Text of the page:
The nature of human relations interests me. It seems we all find ourselves at some point, drifting through life looking for someone to relate to on some kind of intelligent level – about something, about anything. Whether we're talking about the latest movie, our hobbies, our jobs, our music, our anguish or our love, we all want someone to listen and to understand what we mean. Sometimes we find them, sometimes we don't. Sometimes we stop searching momentarily and sit back and relax in the wonder of the world around us, hoping that just around the next bend, someone will understand what we're talking about.
As many of you know I recently had the chance to take a ten day trip down the west coast in my van alone. When I hit the road in Washington I had no expectations of the trip, no expectations of what I would see, no expectations of people I'd meet, if anyone. My only small expectation was that I expected the van to run well; and for the most part it did, it likes traveling too.
Now, from the people I've talked to, not everyone likes to spend days and hours alone. Some people don't mind, others get lonely and would rather have someone to talk to, others just get bored. And yet others, like myself, are willing to sacrifice the hours of solitude for the chance to explore new roads, the chance to seek out places that I may have missed before, the chance to adventure, the chance to meet new people.
Some people have an aversion to making new acquaintances. I could see it in the eyes of the people I would meet passing through little towns, at gas stations, at grocery stores; the distrust in their eyes preventing them from saying too much. After all, you wouldn't want to expend too much energy on a stranger whom you'll never see again now would you?
Sadly many people feel this way, instead of realizing that we are all living on the same planet, all for an exaggeratedly short period of time, all walking around bumping into each other. It seems we'd all be in agreement that acquaintances are agreeable to have, friends are fantastic to keep and that strangers present an opportunity to have either. They present an opportunity to connect with someone on a level, any level, that both can see eye to eye about, an opportunity to learn someone's name, an opportunity to share, an opportunity to create a relationship, short-lived as it may be, and an opportunity to leave a smile on someone's face.
Relationships may seem complicated but let's not forget the root of that word, relate. That simply, is what it's all about, relating, relating to one another. Whether you're talking about the price of gas with a station attendant, asking someone for directions out of town, or taking a walk with your spouse of twenty-five years, one of life's greatest rewards are relationships, our exclusively human ability to relate to one another on many levels and about many things. Things that bring us joy. So the next time you catch a stranger's glance, driving or strolling past, shoot them a smile or a wave. They may not return the favor, but they may not forget it either.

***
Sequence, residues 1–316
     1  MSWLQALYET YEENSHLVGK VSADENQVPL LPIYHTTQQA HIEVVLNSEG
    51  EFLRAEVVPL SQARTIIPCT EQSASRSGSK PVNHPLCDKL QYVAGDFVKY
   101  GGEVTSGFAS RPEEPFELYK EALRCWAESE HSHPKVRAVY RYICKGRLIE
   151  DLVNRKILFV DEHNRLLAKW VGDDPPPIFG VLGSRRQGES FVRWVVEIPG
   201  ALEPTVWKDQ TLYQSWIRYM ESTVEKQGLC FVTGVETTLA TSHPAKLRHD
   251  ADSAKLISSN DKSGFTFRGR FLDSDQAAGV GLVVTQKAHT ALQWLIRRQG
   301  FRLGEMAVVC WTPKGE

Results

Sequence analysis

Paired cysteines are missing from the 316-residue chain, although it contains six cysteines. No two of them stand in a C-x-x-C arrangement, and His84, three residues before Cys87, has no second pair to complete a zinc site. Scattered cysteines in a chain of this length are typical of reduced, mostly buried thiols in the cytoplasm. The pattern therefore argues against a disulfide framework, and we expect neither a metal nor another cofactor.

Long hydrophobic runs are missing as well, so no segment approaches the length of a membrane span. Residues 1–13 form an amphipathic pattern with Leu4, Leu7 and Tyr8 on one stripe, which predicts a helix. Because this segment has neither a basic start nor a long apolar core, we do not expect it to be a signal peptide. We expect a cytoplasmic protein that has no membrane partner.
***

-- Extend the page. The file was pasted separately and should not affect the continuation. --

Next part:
Wednesday, April 22, 2009
Sunday, April 12, 2009
We spend alot of time waiting. We wait for the coffee to brew. We wait at stoplights. We wait for our computers. We wait for test results. We wait for the mail, the check, the phonecall, the weather, the dinnerguests, the pizza, the battery to charge, the movie to start. These are the often mundane but necessary things we wait for that occupy our everyday lives, things that make our life a little bit better in their own way. These are things worth waiting for, otherwise we wouldn't be waiting for them in the first place. But how many other things in life do we wait for and not even realize?
I'm in the loft at my sister's house in central Oregon. Stop one on a ten day journey down the west coast. I waited today. My bus broke down this morning and after spending the entire day underneath, inside and around a rear engine compartment, I finally broke down and sought a mechanic. That's when I waited. I waited for the news that the parts wouldn't be in until next week. Waited to hear that my vacation would be cancelled before it even had the chance to begin. I waited to hear that it would cost three times more than I expected. Then the call came. It was fixed. Forty bucks, forty minutes and a firm handshake later I was driving away, smiling and knowing that my trip could continue as planned. The trip that I had waited so long for.
As I see it, traveling is a matter of waiting even though you're actually doing something. Traveling is accomplished in one of two ways. The first way is to get there. You know where you're going, have a specific reason to go there and want to get the traveling over with as soon as possible. The second occupies a different methodology. You know where you're going but you also know that you'll get there soon enough. And you know that whatever is waiting for you at your destination doesn't know exactly when you left, doesn't know your exact route, will be there when you get there and may not exactly holding their breath for you to arrive. But they are nontheless, waiting.
Getting where we're going is always a journey, whether we're making the trip in our car, an airplane or just in our own mind. Though we may be driving, reading, riding, talking, hoping or dreaming, we are all invariably waiting at some point. Maybe waiting for life to take us to where we want to be, maybe waiting for the chips to fall where they may, maybe waiting for the dominoes to fall in line, maybe waiting for something specific, maybe waiting for our coffee. We all hate to wait, but sometimes waiting is worth it. Some things are just worth waiting for.